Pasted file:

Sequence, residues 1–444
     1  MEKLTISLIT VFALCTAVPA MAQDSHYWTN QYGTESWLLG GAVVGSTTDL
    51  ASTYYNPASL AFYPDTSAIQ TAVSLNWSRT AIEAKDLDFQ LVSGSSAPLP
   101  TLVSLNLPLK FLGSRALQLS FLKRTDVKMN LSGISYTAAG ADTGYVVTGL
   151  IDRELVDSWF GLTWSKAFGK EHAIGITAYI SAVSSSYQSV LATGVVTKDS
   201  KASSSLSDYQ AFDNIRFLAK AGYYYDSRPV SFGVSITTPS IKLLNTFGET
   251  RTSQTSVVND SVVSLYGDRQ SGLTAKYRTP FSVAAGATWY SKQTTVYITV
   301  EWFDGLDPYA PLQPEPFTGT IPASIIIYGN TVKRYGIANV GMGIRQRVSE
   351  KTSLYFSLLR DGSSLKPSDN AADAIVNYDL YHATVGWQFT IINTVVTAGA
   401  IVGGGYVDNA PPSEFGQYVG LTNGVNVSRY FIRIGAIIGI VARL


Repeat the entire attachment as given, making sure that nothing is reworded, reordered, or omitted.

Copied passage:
Sequence, residues 1–444
     1  MEKLTISLIT VFALCTAVPA MAQDSHYWTN QYGTESWLLG GAVVGSTTDL
    51  ASTYYNPASL AFYPDTSAIQ TAVSLNWSRT AIEAKDLDFQ LVSGSSAPLP
   101  TLVSLNLPLK FLGSRALQLS FLKRTDVKMN LSGISYTAAG ADTGYVVTGL
   151  IDRELVDSWF GLTWSKAFGK EHAIGITAYI SAVSSSYQSV LATGVVTKDS
   201  KASSSLSDYQ AFDNIRFLAK AGYYYDSRPV SFGVSITTPS IKLLNTFGET
   251  RTSQTSVVND SVVSLYGDRQ SGLTAKYRTP FSVAAGATWY SKQTTVYITV
   301  EWFDGLDPYA PLQPEPFTGT IPASIIIYGN TVKRYGIANV GMGIRQRVSE
   351  KTSLYFSLLR DGSSLKPSDN AADAIVNYDL YHATVGWQFT IINTVVTAGA
   401  IVGGGYVDNA PPSEFGQYVG LTNGVNVSRY FIRIGAIIGI VARL